Scope: Ultrasound locating devices for placing central venous lines.

Objective: to establish the clinical and cost effectiveness of using ultrasound locating devices for the placement of central venous lines, relative to current standard practice and produce guidance to the NHS in England and Wales.

Background: Central venous lines are used in hospitals for seriously ill patients, to monitor their general status, or to administer drugs and give intravenous feeding. Over 1 million are used annually in England and Wales. Most are inserted using surface landmarks. There are potentially serious complications arising from incorrect insertion; these complication rates vary from 0.3 - 12%, depending on the skill of the operator. The technique is particularly difficult in children and infants and incorrect insertion is more likely to lead to more serious complications, such as puncture of the adjoining arteries.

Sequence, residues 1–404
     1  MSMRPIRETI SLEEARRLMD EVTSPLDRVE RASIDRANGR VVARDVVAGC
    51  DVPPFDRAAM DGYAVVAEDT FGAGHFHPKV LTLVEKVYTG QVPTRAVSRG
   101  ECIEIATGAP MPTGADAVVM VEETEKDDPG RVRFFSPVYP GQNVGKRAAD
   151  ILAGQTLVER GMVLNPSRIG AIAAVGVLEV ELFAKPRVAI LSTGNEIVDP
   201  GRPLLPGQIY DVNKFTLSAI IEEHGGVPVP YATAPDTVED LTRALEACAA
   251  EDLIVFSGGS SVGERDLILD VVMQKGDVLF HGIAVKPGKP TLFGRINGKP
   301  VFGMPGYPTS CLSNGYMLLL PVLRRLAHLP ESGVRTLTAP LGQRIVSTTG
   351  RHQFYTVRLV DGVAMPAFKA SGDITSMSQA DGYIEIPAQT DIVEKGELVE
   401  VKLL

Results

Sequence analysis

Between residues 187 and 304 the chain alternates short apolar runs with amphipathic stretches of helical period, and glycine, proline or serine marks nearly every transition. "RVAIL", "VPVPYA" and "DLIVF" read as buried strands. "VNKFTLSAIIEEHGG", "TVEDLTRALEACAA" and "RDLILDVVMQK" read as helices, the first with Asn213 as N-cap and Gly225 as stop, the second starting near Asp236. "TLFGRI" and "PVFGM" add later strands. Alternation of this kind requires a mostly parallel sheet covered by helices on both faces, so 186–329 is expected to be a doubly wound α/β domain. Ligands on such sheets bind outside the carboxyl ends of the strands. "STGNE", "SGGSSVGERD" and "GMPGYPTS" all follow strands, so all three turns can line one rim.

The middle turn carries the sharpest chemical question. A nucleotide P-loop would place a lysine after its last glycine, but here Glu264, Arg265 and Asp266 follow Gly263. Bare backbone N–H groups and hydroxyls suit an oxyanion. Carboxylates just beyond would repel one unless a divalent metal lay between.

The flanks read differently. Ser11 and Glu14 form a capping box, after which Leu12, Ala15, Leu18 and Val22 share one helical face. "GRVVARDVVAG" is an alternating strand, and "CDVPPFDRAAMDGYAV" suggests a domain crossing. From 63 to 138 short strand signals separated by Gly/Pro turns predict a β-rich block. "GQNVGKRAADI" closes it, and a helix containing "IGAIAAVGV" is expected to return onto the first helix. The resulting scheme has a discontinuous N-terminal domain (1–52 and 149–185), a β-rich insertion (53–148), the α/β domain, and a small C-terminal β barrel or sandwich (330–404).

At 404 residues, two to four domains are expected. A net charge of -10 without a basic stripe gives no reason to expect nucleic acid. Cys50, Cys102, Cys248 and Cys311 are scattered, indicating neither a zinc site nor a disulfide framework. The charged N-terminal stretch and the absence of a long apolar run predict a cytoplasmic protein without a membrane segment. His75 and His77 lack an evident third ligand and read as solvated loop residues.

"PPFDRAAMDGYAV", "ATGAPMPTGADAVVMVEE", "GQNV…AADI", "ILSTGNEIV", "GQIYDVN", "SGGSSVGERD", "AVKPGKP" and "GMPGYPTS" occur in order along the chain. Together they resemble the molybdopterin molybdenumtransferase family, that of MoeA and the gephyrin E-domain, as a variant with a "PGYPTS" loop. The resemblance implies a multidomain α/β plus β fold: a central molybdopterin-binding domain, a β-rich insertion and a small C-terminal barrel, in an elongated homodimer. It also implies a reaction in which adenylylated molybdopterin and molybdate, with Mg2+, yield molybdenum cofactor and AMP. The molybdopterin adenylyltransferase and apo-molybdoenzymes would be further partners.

Technology: This new technique uses ultrasound technology to help locate veins for insertion of central venous lines and can identify anatomical variations in individual patients.


Ultrasound locating devices for placing central venous lines.


Patients requiring central venous lines, e.g. the critically ill, some cancer patients

Current standard treatments (comparators)

Standard landmark placement techniques

Other considerations

· Added value for different target groups should be explored.

· Differences in outcomes depending on the access site chosen (subclavian, jugular etc) should be evaluated.

· Variation in success rates / complications amongst different operators should be identified and if there is variation, the reasons should be explored

.· Service implications should be assessed.

· The possible use of this technology for training purposes should be evaluated.

This page was last updated: 30 March 2010